Smithsonian Magazine recently announced the finalists for its 11th Annual Photo Contest. 50,000 photographs submitted by photographers from 132 different countries were whittled down to the top 60. Ten photographs were selected from each of the six categories: the Natural World, Travel, People, Americana, Altered Images, and the new category Mobile.
The finalists cover a remarkable variety of photography, but they all hold one thing in common: capturing the beauty and spirit of all walks of life that exist in nature, including animals, plant life, and people from across the globe. Whether the photos depict lush and sunlit rice terraces, a group of children joyously playing soccer, or a sea turtle gliding smoothly beneath the surface of the ocean, they all inspire a similar desire to venture forth into the world to see and experience as much as possible.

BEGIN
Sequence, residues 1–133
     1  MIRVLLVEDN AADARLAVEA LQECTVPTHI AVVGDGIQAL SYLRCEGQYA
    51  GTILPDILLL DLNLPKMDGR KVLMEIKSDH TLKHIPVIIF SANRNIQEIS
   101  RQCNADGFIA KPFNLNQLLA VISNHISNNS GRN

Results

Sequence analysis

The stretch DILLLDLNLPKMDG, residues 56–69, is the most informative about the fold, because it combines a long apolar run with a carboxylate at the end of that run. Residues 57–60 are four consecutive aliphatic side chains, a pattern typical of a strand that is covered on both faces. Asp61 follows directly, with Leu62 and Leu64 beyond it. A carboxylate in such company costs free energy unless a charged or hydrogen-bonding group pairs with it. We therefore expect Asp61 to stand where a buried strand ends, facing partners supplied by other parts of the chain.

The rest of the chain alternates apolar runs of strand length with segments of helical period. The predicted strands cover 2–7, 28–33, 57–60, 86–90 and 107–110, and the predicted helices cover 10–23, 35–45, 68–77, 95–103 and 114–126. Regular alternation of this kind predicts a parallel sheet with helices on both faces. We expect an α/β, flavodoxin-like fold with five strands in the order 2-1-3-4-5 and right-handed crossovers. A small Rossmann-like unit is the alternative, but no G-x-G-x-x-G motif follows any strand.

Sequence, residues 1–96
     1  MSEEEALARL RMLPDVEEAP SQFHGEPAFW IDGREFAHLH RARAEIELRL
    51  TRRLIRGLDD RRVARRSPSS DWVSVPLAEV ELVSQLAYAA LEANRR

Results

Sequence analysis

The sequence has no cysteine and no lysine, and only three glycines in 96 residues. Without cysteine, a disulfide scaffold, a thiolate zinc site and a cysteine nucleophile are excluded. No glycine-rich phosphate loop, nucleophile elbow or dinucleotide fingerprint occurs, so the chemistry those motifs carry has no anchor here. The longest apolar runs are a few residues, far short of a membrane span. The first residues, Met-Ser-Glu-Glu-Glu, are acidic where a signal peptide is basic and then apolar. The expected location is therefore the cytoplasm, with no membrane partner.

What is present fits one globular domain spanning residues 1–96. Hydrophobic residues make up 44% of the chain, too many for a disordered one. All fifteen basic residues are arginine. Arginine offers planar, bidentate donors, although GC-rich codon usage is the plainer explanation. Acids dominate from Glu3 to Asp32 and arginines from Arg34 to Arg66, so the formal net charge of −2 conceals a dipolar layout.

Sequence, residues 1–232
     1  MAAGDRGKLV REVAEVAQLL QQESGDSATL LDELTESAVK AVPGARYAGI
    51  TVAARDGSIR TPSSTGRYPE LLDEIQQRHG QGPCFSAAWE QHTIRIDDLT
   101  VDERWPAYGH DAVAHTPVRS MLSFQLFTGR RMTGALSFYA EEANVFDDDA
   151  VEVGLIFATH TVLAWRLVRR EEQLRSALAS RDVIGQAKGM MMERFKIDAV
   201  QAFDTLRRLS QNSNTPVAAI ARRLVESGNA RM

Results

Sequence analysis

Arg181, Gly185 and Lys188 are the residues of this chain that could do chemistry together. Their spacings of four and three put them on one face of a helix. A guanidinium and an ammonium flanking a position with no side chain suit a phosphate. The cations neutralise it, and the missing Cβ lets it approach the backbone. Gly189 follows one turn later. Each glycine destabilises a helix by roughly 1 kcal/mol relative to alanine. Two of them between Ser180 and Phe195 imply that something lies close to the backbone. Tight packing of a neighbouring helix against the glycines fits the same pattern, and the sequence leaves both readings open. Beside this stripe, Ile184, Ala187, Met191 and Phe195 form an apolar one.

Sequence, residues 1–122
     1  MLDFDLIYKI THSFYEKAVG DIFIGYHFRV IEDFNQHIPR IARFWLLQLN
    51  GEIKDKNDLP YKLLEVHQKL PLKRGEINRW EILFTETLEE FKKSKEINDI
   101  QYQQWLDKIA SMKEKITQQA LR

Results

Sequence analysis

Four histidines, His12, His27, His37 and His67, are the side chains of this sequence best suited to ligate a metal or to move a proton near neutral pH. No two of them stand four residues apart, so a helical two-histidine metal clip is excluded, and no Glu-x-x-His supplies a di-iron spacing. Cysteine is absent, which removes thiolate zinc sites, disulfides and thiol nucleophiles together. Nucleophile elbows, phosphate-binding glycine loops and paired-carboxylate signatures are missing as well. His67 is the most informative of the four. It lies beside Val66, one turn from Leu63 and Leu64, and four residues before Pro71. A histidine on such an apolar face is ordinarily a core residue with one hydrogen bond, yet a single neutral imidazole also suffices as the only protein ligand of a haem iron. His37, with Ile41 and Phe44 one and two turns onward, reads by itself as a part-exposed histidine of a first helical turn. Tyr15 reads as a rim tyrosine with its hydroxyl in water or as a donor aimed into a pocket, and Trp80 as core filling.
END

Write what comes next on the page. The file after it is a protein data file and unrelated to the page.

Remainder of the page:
New York-based artist Michael Mapes continues to expand his portfolio of meticulously assembled artworks made of thousands of collected specimens. Each piece in the artist’s newest and laboriously executed collection consists of countless materials that have each been pinned to a board to form a Dutch portrait. His unique method of creation is an astonishingly time-consuming process that offers an intriguing perspective.
Whether it’s numerous bits of shredded photos, tiny gelatin capsules, glass vials, sequins, dried botanical matter or even insect pins, Mapes manages to turn the cluttered, random objects into a cohesive portrait. Altogether they create a collage of a regal figure from Dutch history, though it all depends on how close you are to the piece. From afar, one sees the unified image, yet up-close they seem like scattered, unrelated bits of materials.
Selections of Mapes’ work will be featured in a group exhibition titled Face to Face at the Yellowstone Art Museum in Montana starting March 20th.